PETALING JAYA (Feb 11): The recently launched National Housing Policy 2.0 (NHP 2.0) is great but thorough research is required before each key action plan is implemented, said Knight Frank Malaysia managing director Sarkunan Subramaniam in a statement today.
While the efforts by various parties including the Housing and Local Government Ministry (KPKT) to make housing more accessible to the public are lauded, some of the initiatives being undertaken by the government can be improved.
For instance, the Rent-to-own (RTO) scheme which offers buyers the option to rent homes under this scheme for five years and then apply for end-financing to purchase it in the sixth year. “We note that in order to prevent speculation, these houses under RTO can only be resold to the ministry. Whilst we understand that KPKT wants to prevent speculation but it is not advisable to have the government directly intervening and purchasing the homes.
“To curb speculation, taxation mechanisms such as the Real Property Gains Tax (RPGT) and stamp duties are good enough,” said Sarkunan.
On the formulation of the Residential Tenancy Act to protect tenants’ rights and avoid discrimination, Sarkunan pointed out that the Residential Tenancy Act has to focus on not only protecting the tenant but also the landlord as many such acts in the world tend to “overfavour” the tenant rather than the landlord.
Meanwhile, the recent proposal to provide micro housing for low income unmarried individuals, such as the proposal by Kuala Lumpur City Hall to allow single people in the B40 group to rent capsule rooms at only RM100 per month, will also require thorough research, he said.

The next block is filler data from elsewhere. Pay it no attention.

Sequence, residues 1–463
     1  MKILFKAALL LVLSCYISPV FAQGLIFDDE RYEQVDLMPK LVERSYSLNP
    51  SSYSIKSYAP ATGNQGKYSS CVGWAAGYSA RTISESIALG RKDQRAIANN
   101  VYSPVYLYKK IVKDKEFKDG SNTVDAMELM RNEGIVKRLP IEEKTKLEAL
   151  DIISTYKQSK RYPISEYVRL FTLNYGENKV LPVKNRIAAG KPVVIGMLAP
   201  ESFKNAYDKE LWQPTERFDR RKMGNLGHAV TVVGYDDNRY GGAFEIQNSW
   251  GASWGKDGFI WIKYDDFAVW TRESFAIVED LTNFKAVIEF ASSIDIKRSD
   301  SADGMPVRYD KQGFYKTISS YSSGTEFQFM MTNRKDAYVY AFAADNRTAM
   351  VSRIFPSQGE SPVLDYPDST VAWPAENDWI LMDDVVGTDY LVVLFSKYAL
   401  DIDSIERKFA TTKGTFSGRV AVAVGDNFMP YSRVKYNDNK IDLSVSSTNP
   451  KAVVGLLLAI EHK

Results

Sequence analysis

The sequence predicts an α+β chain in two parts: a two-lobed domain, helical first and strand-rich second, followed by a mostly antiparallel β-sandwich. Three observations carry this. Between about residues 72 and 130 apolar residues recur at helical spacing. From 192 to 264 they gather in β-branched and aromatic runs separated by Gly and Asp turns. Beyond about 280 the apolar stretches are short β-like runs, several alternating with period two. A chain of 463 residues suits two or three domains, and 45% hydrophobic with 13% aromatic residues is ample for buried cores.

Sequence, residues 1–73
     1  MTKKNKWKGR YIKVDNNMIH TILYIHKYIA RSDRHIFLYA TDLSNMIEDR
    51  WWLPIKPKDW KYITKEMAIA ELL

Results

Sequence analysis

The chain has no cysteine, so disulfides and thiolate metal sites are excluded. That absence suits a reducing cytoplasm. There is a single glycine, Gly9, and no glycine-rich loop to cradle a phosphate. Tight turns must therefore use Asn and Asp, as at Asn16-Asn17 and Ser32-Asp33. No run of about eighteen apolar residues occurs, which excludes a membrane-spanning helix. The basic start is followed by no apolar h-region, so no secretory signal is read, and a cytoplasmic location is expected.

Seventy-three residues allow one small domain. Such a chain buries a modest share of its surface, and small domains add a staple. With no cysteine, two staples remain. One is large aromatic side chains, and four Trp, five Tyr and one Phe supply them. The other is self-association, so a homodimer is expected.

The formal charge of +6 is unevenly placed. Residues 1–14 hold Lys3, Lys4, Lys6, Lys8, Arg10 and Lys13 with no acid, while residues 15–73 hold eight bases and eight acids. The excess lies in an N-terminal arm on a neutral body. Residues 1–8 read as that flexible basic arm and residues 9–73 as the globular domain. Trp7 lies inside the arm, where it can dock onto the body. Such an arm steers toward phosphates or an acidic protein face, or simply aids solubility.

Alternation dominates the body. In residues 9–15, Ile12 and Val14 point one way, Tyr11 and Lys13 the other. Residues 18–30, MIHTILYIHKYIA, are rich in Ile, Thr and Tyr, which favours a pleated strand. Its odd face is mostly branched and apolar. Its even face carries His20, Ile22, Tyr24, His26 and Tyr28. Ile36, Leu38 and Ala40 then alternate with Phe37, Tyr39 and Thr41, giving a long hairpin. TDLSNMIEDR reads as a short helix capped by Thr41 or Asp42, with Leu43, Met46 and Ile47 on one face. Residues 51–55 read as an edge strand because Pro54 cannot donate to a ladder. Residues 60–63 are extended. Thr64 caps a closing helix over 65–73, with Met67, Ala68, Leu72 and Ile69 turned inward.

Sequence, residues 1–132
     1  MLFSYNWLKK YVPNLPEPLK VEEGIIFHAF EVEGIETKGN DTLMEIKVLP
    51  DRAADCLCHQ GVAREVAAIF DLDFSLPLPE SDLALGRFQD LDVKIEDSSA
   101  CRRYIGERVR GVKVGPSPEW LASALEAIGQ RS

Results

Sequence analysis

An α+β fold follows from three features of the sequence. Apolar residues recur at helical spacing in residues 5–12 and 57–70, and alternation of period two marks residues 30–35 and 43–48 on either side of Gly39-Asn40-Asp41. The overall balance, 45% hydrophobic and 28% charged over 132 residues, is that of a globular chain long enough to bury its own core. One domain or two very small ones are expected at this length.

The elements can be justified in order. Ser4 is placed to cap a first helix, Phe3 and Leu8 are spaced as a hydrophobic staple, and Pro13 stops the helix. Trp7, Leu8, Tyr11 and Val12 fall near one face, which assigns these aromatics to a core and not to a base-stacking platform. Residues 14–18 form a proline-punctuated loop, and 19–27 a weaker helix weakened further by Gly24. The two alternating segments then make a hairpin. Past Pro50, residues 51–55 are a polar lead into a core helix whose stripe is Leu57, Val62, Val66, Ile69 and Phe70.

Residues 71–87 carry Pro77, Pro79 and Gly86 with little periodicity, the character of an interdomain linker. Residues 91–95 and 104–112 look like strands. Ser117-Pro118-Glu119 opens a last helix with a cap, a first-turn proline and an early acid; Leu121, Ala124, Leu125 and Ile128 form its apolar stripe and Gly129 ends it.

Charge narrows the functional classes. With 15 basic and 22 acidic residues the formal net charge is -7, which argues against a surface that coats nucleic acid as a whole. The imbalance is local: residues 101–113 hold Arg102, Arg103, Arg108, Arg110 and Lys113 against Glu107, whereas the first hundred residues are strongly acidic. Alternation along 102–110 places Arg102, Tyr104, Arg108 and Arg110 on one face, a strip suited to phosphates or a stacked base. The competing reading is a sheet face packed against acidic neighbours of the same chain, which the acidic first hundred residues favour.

“Single people also require a reasonable amount of space and premises below 200 sq ft are definitely not an ideal choice even for a single owner. Even in Hong Kong, which is known for its high property prices, several developments featuring shoebox flats, had failed to achieve favourable sales.
“Therefore, proper market research is needed to find out the actual demand for such projects. Furthermore, such housing are at risk of becoming ghettos and drug dens,” he elaborated
Regardng KPKT’s review of the build-then-sell (BTS) policy, he believes Malaysia is not yet ready for it and a developer should be given the freedom to decide on the model of development.
“The BTS structure will increase housing cost instead of lowering house prices and raising affordability,” he said.
Sarkunan also suggested that the NHP 2.0 look at creating a standard policy nationwide on Bumiputra quota which is in line with current market trends.
“Whilst land is a state matter, the federal government should streamline the quota and the release mechanism in all states. For example, the situation in Johor where the Bumi quota is 40%, the slow release is choking developers’ cashflow,” he said.